Shostakovich wrote his Symphony No. 13, Op. 113 in 1962. The climax of his ‘Russian period’ and, in its scoring for bass soloist, male chorus and orchestra, among the most Mussorgskian of his works. It attracted controversy through its settings of poems by Yevgeny Yevtushenko (the ‘Russian Bob Dylan’ of his day) – not least the first movement, where the poet underlines the plight of Jews in Soviet society. The other movements are no less pertinent in their observations on the relationship between society and the individual. This is the final release in Vasily Petrenko’s internationally acclaimed symphonic cycle.
Petrenko's nose for characterisation and his often startling attention to the dynamics of the piece make it feel not counterfeit at all but rather something he made earlier in his home city of St Petersburg...[Vinogradov] deploys his haunting head voice to poignant, almost unearthly effect. Gramophone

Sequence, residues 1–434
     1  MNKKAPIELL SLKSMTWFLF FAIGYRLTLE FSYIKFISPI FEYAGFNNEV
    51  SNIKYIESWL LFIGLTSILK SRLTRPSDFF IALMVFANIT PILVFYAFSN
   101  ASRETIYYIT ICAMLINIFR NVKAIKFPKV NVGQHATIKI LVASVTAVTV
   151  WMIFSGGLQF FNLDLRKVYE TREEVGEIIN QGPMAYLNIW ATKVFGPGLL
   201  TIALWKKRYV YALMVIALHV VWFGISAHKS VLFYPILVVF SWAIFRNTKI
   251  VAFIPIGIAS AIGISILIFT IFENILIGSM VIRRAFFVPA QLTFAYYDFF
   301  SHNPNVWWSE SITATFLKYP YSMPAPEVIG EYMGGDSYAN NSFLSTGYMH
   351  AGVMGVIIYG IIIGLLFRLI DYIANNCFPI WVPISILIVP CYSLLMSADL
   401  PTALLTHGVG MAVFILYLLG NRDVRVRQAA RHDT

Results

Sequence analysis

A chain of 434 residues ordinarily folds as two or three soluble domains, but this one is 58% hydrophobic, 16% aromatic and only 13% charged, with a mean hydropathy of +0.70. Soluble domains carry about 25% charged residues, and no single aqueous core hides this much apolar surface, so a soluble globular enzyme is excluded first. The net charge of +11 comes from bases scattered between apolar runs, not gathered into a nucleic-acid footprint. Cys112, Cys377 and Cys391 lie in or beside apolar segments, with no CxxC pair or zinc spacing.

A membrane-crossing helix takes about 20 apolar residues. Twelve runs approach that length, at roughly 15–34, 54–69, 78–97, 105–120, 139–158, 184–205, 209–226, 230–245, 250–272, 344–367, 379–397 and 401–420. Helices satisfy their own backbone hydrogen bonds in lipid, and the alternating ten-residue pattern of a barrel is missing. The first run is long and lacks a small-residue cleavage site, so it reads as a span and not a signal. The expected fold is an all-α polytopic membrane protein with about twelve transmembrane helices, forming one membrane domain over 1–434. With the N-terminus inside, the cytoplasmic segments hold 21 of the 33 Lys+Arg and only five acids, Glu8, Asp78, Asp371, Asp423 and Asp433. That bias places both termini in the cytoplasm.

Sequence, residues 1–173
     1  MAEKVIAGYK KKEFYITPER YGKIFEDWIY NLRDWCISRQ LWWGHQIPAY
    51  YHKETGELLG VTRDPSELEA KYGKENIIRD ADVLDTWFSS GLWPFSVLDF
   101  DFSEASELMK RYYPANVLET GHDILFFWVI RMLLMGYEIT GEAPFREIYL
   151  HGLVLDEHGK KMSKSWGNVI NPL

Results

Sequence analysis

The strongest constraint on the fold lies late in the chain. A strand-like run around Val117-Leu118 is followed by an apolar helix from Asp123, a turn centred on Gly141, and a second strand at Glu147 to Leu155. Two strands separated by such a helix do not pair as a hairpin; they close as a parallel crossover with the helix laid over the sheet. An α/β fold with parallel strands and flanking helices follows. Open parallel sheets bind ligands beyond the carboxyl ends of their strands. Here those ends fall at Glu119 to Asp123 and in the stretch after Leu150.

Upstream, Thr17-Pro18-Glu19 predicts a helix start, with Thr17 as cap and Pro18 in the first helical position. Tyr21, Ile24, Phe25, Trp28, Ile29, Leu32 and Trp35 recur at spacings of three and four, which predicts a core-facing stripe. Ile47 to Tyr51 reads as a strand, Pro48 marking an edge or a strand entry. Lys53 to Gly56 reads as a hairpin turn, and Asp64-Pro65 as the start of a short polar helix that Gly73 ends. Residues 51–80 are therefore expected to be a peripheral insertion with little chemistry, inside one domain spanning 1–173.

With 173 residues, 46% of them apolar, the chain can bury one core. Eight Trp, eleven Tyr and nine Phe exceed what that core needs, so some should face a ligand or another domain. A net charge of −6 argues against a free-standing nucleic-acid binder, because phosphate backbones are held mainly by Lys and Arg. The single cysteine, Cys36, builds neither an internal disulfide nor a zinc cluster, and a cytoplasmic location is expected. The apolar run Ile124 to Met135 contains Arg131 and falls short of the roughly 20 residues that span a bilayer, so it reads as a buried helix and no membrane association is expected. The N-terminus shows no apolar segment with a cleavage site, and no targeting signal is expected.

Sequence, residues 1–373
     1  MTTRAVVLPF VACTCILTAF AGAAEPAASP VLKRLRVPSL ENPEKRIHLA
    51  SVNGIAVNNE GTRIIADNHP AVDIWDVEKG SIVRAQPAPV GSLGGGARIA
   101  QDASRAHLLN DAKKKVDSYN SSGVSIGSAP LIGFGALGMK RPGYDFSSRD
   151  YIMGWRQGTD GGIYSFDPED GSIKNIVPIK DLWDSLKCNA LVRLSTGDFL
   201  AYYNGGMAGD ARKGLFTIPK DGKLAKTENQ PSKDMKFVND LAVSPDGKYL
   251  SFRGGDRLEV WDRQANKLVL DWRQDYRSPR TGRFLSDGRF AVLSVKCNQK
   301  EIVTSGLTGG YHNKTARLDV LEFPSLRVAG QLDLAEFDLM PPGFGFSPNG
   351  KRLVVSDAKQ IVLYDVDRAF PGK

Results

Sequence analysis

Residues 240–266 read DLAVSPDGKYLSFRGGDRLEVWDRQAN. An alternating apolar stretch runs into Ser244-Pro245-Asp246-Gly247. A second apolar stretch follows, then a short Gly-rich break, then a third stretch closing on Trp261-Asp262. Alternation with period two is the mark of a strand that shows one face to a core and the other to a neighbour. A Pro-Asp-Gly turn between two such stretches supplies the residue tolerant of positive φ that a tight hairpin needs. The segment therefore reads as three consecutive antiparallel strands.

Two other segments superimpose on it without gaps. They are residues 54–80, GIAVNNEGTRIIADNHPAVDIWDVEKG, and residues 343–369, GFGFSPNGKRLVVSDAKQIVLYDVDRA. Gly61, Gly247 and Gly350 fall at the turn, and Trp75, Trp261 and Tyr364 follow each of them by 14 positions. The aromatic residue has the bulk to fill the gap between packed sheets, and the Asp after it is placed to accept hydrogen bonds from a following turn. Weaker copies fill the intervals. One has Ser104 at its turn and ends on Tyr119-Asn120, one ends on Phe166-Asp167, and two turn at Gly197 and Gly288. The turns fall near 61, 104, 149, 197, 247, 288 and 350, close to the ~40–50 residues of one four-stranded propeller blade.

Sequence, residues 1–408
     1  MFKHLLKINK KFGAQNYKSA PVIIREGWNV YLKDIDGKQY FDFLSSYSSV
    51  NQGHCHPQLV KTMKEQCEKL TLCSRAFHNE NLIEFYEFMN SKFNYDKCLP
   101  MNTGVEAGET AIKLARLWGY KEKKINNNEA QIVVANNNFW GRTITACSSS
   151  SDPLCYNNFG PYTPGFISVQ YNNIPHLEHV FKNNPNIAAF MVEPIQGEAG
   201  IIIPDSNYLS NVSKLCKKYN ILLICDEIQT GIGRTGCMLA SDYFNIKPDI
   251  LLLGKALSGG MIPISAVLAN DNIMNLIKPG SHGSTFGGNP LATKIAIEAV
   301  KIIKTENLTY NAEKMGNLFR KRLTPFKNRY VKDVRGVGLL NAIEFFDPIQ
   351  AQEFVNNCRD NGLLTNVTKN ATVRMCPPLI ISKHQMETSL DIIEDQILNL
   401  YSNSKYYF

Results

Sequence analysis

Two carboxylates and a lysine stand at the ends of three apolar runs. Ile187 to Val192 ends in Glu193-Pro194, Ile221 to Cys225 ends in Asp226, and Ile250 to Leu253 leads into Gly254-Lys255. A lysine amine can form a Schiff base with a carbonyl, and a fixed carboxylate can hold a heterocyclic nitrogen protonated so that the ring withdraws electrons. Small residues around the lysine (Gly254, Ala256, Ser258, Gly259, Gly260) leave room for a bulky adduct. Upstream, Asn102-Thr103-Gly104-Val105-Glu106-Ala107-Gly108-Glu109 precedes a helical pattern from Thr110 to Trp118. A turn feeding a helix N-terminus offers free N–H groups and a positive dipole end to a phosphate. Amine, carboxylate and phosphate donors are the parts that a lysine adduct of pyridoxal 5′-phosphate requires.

Choral shortcomings apart, this makes a fine epilogue to Vasily Petrenko's magnificent Liverpool Shostakovich cycle...Alexander Vinogradov is the finest bass interpreter here since Sergey Alexashkin, with a lithe freshness all his own...do investigate Petrenko's unexpected subtlety and lightness. BBC ****